With the holding in DDR, however, the Federal Circuit has provided its first guidance as to what type of claim might pass the second prong of the Alice test. Almost entirely skipping the first prong of the test, the panel reasoned that whatever the abstract idea was, the claims held significantly more than an abstract idea. Distinguishing the prior cases holding the opposite, the panel explained:

As an initial matter, it is true that the claims here are similar to the claims in the cases discussed above in the sense that the claims involve both a computer and the Internet. But these claims stand apart because they do not merely recite the performance of some business practice known from the pre-Internet world along with the requirement to perform it on the Internet. Instead, the claimed solution is necessarily rooted in computer technology in order to overcome a problem specifically arising in the realm of computer networks.

DDR, slip op. at 20.

The panel went on to elaborate that, rather than “broadly and generically claim[ing] ‘use of the Internet’ to perform an abstract business practice,” the claims at issue recite “specify how interactions with the Internet are manipulated to yield a desirable result” and therefore “recite an invention that is not merely the routine or conventional use of the Internet.” Id at 22-23.

In so holding, the Federal Circuit has at last found a patent that is directed to software yet nonetheless patent-eligible. While § 101 and Alice will continue to be used to invalidate business method and some software patents, practitioners are now provided with an important guidepost in arguing patentability of software patents that are directed to technological improvements.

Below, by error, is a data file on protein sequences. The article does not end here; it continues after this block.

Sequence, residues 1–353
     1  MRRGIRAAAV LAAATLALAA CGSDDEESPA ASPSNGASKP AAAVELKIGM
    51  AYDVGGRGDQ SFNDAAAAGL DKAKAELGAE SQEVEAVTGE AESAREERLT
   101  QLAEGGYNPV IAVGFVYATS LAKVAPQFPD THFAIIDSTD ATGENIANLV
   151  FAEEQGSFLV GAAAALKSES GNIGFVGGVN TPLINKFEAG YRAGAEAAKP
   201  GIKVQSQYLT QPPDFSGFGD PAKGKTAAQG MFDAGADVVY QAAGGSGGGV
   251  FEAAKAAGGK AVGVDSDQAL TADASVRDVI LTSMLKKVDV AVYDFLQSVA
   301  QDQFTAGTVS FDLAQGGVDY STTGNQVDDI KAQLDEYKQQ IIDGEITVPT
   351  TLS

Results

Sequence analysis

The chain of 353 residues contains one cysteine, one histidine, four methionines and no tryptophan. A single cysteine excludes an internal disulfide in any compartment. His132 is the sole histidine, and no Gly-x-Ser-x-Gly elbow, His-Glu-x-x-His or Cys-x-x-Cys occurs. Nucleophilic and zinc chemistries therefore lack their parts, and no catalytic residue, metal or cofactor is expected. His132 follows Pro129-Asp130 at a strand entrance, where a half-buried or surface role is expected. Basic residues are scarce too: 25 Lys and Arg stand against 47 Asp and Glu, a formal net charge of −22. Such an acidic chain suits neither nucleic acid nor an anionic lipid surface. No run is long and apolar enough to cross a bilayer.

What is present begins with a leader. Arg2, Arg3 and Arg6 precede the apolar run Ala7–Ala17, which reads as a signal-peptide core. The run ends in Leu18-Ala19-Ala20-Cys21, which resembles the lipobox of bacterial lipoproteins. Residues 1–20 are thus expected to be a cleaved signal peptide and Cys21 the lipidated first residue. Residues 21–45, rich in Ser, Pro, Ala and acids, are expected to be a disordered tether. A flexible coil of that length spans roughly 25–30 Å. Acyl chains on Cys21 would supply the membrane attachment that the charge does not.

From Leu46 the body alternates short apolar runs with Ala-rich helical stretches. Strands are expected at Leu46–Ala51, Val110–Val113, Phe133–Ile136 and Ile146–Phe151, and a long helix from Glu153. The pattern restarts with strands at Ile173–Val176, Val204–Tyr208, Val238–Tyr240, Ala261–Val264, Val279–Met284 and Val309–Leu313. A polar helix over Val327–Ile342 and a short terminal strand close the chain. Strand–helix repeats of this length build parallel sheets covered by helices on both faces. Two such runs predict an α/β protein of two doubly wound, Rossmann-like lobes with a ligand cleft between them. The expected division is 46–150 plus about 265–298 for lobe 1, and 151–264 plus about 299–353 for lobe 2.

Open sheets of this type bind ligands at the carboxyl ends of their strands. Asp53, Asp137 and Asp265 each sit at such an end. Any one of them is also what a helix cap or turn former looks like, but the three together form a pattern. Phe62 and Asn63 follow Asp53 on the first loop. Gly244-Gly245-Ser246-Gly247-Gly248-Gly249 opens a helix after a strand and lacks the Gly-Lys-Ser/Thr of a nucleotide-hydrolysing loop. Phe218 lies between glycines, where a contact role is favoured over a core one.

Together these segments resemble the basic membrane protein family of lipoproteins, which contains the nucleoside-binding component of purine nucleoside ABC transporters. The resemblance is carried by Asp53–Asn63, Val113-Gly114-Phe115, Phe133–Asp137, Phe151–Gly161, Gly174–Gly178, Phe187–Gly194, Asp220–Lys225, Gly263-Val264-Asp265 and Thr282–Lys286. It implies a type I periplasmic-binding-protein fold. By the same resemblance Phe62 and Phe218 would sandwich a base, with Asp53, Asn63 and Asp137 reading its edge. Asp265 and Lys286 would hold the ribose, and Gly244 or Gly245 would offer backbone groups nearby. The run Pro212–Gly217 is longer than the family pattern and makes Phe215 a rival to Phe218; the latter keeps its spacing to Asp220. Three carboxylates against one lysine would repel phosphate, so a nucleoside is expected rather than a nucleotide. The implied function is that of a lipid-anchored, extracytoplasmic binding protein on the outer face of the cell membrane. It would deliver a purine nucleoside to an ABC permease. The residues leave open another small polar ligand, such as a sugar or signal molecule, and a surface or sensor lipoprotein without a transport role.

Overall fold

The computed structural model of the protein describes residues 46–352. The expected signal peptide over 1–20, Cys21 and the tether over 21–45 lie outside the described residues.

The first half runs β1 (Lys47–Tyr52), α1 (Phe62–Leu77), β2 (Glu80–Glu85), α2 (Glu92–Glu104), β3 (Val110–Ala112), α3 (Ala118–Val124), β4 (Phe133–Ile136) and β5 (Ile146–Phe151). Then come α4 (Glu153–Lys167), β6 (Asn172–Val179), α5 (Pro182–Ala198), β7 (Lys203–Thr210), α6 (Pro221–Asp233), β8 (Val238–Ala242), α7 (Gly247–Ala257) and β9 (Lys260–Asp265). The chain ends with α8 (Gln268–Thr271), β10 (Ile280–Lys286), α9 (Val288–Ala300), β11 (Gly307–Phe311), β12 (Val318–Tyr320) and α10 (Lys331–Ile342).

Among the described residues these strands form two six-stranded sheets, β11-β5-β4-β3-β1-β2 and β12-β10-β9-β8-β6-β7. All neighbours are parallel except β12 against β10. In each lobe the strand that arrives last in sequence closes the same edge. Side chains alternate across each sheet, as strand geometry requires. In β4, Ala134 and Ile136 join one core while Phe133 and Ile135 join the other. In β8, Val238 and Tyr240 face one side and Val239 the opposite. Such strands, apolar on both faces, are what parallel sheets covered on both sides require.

It is worth noting that the PTO has already recognized the “technological arts” subtest in its current guidance to the Examining Corps. with regard to Alice. Preliminary Examination Instructions in view of the Supreme Court Decision in Alice Corporation Pty. Ltd. v. CLS Bank International, et al., Memorandum to Examining Corps. dated June 25, 2014, pg. 3, available at http://www.uspto.gov/patents/announce/alice_pec_25jun2014.pdf (explaining that limitations that present “improvements to another technology or technical field” or “to the functioning of a computer itself” “may be enough to qualify as ‘significantly more’”).  Prior to DDR, however, the practitioner had little more than this noncommittal language to support an argument. Now, in prosecution arguments to the PTO, the Federal Circuit’s language explaining that “the claimed solution is necessarily rooted in computer technology in order to overcome a problem specifically arising in the realm of computer networks” may be adapted to the facts of each case to lend the authority of the Federal Circuit to the attorney’s argument.

In the coming months, the PTO is likely to provide an updated set of instructions to the Examining Corps based on the comments received on the June instructions. Ideally, the new instructions will mention the holding in DDR and thereby increase Examiner receptiveness to arguments based on this Federal Circuit precedent.